2) If you want protection while away from shorepower and using the inverter you can install a RCD in the AC outlet of the inverter. If, like in many boats, in your boat the inverter only feeds outlets (not a watermaker, air conditioner , water heater, etc) then it may be cost effective to replace all outlets (or just the first one in each circuit if you know how to hang the rest from the LOAD terminals of the first one) with US-style 5-mA GFCI outlets. Alternatively you can install a Euro-style RCD near the AC out connections of the inverter. Details will depend on what you have.



Just make sure your inverter has its own neutral bus (required by current stanards) because if it shares a neutral bus
__________________
svlamorocha is offline   Reply With Quote
Old 25-05-2015, 14:00   #15
Registered User
 
SailRedemption's Avatar

Join Date: Feb 2014
Location: New Orleans
Boat: Kaufman 47
Posts: 778
Re: ELCI breakers, anyone have them?

Quote:
Originally Posted by svlamorocha View Post
1) IMHO (and ABYC┤s) the AC-powered water heater needs to have residual current protection because they have insulation faults at times and you do not want to wait until the thing is leaking 15 amps for the normal overcurrent breaker to trip. Even if you upgrade your outlets to GFCI outlets (which do not cover water heaters and other loads that are permanently connected ie not plugged into an outlet) the standard calls (for a reason) for a (30mA 100 milisecond) residual current device (called RCD, ELCI, RCBO or whatever) that covers all your AC wiring. If your only AC source is shorepower then you can just install an RCD or RCBO just downstram of where the shorepower cable enters the boat. This will also cover outlets fed by inverter that goes into passthrough mode while on shorepower.

You need to be aware that the residual current (RC) device will detect some wiring issues that may have been hidden until them, such as shared neutrals across two shorepower inlets, circuit that take neutral from one shore inlet and hot from the other, panel pilot lights that take hot from inverter bus and neutral from B bus, etc. Don┤t blame the RC device, blame the bad installation.


2) If you want protection while away from shorepower and using the inverter you can install a RCD in the AC outlet of the inverter. If, like in many boats, in your boat the inverter only feeds outlets (not a watermaker, air conditioner , water heater, etc) then it may be cost effective to replace all outlets (or just the first one in each circuit if you know how to hang the rest from the LOAD terminals of the first one) with US-style 5-mA GFCI outlets. Alternatively you can install a Euro-style RCD near the AC out connections of the inverter. Details will depend on what you have.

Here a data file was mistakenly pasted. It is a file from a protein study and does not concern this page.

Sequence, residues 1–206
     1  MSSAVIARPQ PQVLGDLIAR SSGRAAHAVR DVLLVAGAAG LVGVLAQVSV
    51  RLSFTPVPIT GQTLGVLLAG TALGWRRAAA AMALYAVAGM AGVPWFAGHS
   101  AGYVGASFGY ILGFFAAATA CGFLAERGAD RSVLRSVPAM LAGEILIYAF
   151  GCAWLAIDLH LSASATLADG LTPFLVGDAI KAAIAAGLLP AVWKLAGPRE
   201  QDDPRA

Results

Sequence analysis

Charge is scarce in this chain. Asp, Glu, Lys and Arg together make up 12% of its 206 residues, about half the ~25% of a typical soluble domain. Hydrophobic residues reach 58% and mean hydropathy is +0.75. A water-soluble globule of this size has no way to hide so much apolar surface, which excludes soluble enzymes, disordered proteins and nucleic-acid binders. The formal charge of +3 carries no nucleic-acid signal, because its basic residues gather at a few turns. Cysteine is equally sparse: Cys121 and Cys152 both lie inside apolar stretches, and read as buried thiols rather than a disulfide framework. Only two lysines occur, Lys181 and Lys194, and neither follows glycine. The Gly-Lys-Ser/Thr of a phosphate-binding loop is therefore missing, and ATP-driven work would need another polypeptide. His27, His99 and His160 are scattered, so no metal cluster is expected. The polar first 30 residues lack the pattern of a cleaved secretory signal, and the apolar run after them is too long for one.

Just make sure your inverter has its own neutral bus (required by current stanards) because if it shares a neutral bus
I'll have a Victron Multiplus I/C with pass through, and a single 120/50a shore plug so no shared neutrals.

So I'll add the RCD to the AC out of the inverter, before the galvanic isolator, then the panel. The inverter will power outlets, and probably the water heater. I don't have much else in 120VAC. So I'd get an additional RCD for the water heater AC input from panel breaker.

I'm hoping to have wiring issues taken care of with a new blue seas panel and new wiring.

I have 2 heads, galley, engine room, and some outlets low to the deck in the cabin that I will replace with gfci outlets. The rest will be replaced with regular outlets.

From what you're saying, this above would be ideal a few correct with what I have?

- Ronnie...on the geaux
__________________

__________________
SailRedemption is offline   Reply With Quote
Reply

Thread Tools
Display Modes Rate This Thread
Rate This Thread:

Posting Rules
You may not post new threads
You may not post replies
You may not post attachments
You may not edit your posts

BB code is On
Smilies are On
[IMG] code is On
HTML code is Off
Trackbacks are Off
Pingbacks are Off
Refbacks are Off


Similar Threads
Thread Thread Starter Forum Replies Last Post
Handrails - remove them all together or keep them? Danibug Construction, Maintenance & Refit 55 23-07-2013 20:50
Dead Batteries -- Blast Them or Coddle Them? Dockhead Electrical: Batteries, Generators & Solar 36 02-06-2012 18:07
Dreams - make them good and make them big. anjou Construction, Maintenance & Refit 53 15-04-2012 12:46
GRIB Files: Getting them and Reading them Tspringer Navigation 17 31-01-2011 02:00
LOVE THEM OR LEAVE THEM? Keegan General Sailing Forum 29 28-11-2007 20:24



Copyright 2002- Social Knowledge, LLC All Rights Reserved.

All times are GMT -7. The time now is 05:00.


Google+
Powered by vBulletin® Version 3.8.8 Beta 1
Copyright ©2000 - 2017, vBulletin Solutions, Inc.
Social Knowledge Networks
Powered by vBulletin® Version 3.8.8 Beta 1
Copyright ©2000 - 2017, vBulletin Solutions, Inc.

ShowCase vBulletin Plugins by Drive Thru Online, Inc.